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Taking Charge of a Crisis

Editor's Note: Irene Lambert is Program Director and Past President of the Low Vision Self-Help Association, as well as President of the Greater Montreal Chapter of the Alliance for Equality of Blind Canadians (AEBC).

I am not sure if it was synchronicity or just dumb luck that the day before I was to deliver a speech to the Low Vision Self-Help Association, I came across an article that I had written over four years ago, in 2002, on the structure and goals of this very same organization. The message I wanted to deliver was how important it is to be able to take a calmer look at the crisis situation in which you may find yourself. No one goes through life without experiencing various numbers of crises, and hopefully we learn some lessons from them.

My speech to Low Vision members was about the wall one hits when the medical world has done all it can to correct, or even arrest, the vision problems but is still forced to inform you that your sight will no longer improve, and may even continue to deteriorate. What do you do with the fear, worry and uncertainty about how you are going to live the rest of your life with low vision, or even blindness? What has worked for me is as follows:

Sit down in your most comfortable chair with no radio or TV on. Let the peace and quiet soak in. Relax those shoulders and hands and enjoy the down time. You may find those fears and worries spinning wildly into your consciousness, but that's ok--let them.

Whenever you feel ready, you can start unravelling those worrisome and scary thoughts. Ask yourself what specific fears and anxieties you feel. Make note of each thought as it becomes more specific. There is no telling how long or how many times you will be able to enjoy the quiet times before you start on this journey, since you may not find the answers to your questions the first time around.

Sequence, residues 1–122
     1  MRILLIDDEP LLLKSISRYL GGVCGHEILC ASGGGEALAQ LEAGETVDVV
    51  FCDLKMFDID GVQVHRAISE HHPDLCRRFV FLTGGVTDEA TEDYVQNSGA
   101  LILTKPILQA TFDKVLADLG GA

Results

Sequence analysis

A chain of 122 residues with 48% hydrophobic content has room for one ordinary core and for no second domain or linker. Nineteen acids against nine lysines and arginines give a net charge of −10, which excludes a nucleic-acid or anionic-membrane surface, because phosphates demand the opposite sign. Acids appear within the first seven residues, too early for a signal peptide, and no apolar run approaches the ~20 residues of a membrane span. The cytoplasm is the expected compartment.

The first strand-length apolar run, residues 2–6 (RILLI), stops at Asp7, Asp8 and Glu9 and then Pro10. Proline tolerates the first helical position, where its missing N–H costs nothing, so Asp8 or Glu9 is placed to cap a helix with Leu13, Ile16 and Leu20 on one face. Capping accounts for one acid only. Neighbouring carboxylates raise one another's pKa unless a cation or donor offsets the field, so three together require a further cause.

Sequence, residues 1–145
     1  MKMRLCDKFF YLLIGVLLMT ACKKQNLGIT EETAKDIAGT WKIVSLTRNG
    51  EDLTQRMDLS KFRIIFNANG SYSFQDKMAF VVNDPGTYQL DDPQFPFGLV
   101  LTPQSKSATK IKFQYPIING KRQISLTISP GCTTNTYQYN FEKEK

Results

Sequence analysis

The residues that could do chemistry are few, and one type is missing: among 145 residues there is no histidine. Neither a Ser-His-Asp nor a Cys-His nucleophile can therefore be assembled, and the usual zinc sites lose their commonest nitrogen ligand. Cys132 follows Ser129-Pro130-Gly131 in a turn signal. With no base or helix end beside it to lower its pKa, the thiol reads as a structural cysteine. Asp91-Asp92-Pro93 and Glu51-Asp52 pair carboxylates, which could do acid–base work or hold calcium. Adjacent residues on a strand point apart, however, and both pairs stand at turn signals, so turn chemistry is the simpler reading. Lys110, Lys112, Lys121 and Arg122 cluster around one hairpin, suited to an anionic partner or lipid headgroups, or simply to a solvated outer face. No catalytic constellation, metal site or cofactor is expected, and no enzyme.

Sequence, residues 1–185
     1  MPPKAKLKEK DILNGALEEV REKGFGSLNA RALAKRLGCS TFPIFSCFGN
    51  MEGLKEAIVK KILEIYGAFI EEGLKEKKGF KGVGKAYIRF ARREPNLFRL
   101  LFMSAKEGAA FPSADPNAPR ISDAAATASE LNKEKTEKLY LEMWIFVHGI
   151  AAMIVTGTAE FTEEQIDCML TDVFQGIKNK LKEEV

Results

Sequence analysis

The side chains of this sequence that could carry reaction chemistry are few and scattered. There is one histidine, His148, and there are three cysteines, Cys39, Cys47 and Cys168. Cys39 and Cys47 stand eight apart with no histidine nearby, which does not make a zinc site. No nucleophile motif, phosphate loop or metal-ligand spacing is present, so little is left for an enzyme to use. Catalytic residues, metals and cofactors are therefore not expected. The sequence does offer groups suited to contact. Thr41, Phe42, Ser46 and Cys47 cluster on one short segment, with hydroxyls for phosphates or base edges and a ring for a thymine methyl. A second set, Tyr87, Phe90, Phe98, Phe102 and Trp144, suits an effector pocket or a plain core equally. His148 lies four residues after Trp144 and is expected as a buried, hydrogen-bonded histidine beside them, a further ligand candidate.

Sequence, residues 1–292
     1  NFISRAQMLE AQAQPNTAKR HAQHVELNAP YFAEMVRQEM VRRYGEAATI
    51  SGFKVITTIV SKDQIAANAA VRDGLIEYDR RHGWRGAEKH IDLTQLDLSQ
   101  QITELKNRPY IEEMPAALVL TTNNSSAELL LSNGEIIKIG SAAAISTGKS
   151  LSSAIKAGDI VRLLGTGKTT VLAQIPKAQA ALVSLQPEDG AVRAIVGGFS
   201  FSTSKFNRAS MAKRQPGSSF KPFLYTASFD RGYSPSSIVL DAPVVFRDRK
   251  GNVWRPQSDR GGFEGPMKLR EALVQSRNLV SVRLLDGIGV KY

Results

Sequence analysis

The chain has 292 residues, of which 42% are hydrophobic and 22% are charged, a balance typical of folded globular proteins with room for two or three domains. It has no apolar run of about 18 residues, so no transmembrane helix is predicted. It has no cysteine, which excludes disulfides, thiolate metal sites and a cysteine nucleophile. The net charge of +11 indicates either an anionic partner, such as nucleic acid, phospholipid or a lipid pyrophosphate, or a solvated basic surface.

When you think you have specific questions concerning your fears and worries, you can start taking charge of finding the answers. As you begin taking responsibility for yourself, some of the tools you will find at your disposal may be making changes in your lifestyle, acquiring aids and devices, learning coping strategies, getting professional rehabilitation services, joining a peer group, or searching for more knowledge about your diagnosis.

Knowing your personal drives and tendencies can help you make the necessary changes. During those quiet times, take a look to see if you are a "go with the flow" person, a giver, a peacemaker who shies away from conflict, or some one who is not used to making key decisions. Perhaps you are a "take charge" kind of person, assertive, a problem solver, a "need to know all of the options" person, or just plain opinionated or judgmental. It has long been my quest to understand why some people seem to make a relatively smooth transition in dealing with sight loss, while others never get beyond searching for a cure. My observation is that a great deal depends on your personality type.

The final message to the Low Vision group was that the very fact they were at the meeting indicated they were "taking charge", that they knew they didn't have to face things alone, and that they realized we are a community with knowledge, experience, strengths and weaknesses, that is ready to share and give or take as the need arises.

The same qualities can be found in the AEBC community.